When Your Title Asks, 'Hey, Baby, What About Me?''--by Reb MacRath
Good titles often whisper sweet nothings in our ears to keep us on track as we work on our books while letting readers know what to expect. A color can remind us of the mood or tone that we hope to sustain. John D. MacDonald knew all about that: The Turquoise Lament, Darker Than Amber, etc. The title of Lawrence Sanders's breakthrough book The Anderson Tapes alerted readers to the ingenious structure of the book and the author to his mission to stay on track with that POV tack. His two best-selling series, the Deadly Sins and the Commandments divided the offering into gritty police procedurals and shorter, lighter mysteries while his McNally mysteries offered comic froth. Ira Levin on the other hand had a title in Rosemary's Baby that helped him fix his focus on realistic details of Rosemary's pregnancy and the birthing to help ground the far-out horror in his mind and ours. These are all Type 1--or what I would call Onesie titles.
A Onesie title
But another sort of title is also good in a far different way: it may exert a controlling influence on the writer, asking repeatedly 'What about me?' when something strays too far from home in terms of the book's central theme. Or it may remind the writer that it promises a balance missing, so far, from the work. Tolstoy's title announced his plan to tell both sides in War and Peace. Likewise, Dostoevsky pledged to balance the judicial scales. And A Connecticut Yankee in King Arthur's Court reminded Twain to hold fast to his binary focus. So did the writers of books like these: The Unbearable Lightness of Being, Bonfire of the Vanities, In the Electric Mist with Confederate Dead. A personal favorite: The Boys from Brazil, wherein Ira Levin walked a tightrope between the two meanings of Boys--the surviving Nazis hiding in Brazil and the young Hitler clones they've created. These books are representative of what I call Twosie titles..
My Own What About Me Moment
I'd written a pair of short Seattle BOP mysteries with classic Onesie titles when I felt the itch to try something different.
A pair of proper Onesies
The third book in the series marked my graduation from 40K words to 65K and my complete break with traditional Noir. In doing so, I stumbled onto the existence of Twosie titles--for the word Rock can be taken in a couple of ways and I did play with these in the writing: the agency's quest for a style that rocks in the gray lands of insurance fraud investigation...the discovery of BOP's business cornerstone, etc.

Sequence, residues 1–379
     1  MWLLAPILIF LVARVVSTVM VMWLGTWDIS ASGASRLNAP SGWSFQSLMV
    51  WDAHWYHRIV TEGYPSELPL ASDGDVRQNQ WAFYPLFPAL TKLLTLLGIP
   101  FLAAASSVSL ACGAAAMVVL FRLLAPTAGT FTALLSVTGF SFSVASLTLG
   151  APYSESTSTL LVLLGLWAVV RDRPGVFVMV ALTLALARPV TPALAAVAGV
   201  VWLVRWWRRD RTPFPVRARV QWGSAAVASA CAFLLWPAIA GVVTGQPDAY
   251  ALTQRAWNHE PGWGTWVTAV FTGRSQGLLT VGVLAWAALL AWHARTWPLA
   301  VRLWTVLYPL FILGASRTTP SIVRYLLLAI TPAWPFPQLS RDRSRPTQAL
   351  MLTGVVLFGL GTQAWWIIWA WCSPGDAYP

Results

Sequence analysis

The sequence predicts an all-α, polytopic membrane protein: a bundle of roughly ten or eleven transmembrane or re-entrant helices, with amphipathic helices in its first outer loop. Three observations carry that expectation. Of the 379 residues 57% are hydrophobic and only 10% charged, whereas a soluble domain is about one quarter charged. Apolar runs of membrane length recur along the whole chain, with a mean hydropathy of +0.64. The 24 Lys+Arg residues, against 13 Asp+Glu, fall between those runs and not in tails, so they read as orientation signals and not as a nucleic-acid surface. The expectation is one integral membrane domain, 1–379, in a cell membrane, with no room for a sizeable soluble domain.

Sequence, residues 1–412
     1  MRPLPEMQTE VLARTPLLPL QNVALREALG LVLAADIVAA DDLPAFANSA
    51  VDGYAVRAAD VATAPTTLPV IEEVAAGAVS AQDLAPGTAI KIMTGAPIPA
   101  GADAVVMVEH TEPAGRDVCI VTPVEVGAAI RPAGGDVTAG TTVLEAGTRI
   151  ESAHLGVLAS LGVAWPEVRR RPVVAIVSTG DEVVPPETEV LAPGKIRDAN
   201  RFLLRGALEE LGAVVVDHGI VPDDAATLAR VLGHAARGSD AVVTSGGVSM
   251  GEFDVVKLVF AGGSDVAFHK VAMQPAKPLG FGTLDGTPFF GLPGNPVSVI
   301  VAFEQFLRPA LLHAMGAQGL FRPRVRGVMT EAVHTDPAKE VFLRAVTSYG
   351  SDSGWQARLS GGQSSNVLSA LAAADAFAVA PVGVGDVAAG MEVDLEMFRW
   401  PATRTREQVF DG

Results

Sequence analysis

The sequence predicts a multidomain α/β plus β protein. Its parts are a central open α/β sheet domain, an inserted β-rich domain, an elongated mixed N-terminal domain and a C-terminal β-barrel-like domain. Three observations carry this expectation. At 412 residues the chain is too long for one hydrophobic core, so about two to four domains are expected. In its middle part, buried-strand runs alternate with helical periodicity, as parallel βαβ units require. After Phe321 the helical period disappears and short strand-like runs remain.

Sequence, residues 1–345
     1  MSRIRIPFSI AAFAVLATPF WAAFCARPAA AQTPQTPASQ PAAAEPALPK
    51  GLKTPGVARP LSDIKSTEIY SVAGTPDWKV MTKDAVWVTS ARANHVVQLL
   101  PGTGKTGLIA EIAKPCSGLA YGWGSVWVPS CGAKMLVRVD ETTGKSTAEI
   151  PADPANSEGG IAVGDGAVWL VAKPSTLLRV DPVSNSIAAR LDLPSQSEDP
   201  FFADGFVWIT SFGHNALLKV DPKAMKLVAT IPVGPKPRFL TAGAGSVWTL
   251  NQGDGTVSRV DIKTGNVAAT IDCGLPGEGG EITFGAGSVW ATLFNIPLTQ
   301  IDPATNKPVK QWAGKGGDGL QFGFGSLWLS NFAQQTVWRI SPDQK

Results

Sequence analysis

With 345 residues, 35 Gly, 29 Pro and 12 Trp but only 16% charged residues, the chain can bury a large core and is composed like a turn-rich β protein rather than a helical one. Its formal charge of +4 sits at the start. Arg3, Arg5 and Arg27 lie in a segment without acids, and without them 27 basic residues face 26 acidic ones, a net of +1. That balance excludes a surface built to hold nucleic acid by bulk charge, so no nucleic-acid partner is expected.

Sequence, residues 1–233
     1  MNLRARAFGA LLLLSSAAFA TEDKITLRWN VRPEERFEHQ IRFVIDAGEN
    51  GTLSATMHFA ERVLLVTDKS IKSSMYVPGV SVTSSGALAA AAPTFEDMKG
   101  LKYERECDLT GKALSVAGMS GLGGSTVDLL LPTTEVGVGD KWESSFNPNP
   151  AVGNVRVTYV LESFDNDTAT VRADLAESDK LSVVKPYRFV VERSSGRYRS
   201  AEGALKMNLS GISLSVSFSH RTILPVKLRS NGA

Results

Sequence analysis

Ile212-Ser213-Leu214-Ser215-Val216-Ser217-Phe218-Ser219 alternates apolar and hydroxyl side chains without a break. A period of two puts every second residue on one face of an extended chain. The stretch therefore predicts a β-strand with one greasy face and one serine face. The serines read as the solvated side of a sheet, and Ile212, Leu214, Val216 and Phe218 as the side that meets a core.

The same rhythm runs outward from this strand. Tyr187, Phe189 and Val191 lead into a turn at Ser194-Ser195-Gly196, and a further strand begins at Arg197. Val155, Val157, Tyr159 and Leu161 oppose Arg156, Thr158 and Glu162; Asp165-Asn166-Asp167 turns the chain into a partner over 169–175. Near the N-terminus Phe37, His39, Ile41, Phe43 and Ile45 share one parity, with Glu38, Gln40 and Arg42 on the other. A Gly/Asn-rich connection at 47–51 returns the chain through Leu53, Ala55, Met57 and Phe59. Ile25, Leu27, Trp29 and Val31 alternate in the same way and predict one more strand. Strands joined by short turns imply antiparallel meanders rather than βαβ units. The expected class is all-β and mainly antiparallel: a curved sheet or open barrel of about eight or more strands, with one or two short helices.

My accidental Twosie
But the next title made all the difference for me. Once again, I chose a title with a clear purpose in mind: The House of BOP was right, I thought, because the fraud in this book involves a victim who becomes homeless. And the writing seemed to go swimmingly until one day Ammy, Chief Armstrong's partner and lover, does something that seemed wrong to me...and not as "cool" as I'd thought. I mean this was my fourth series entry and I knew my characters...right? She's a tough, liberated woman. So why not have her impulsively 'borrow' Chief's blue toolbox and grill a suspect, Chief-style, with the implements inside and then walk off whistling a merry tune.
And yet I heard the title whisper: "Hey, baby, what about me? I'm not called The Homelessness of BOP--no, I'm The House of BOP. And in people's Houses, some things belong and others don't. Some things are acceptable and others should be shown the door."When I thought of it that way, I understood that it could be in character for my competitive Ammy to try this once to out-Chief Chief. But we need to be shown her reaction. And there must be a scene where she questions whether she can stay with BOP if that is the style of the House.
Enough about me. Now, what about you? Have you ever had a Twosie and how did affect your work?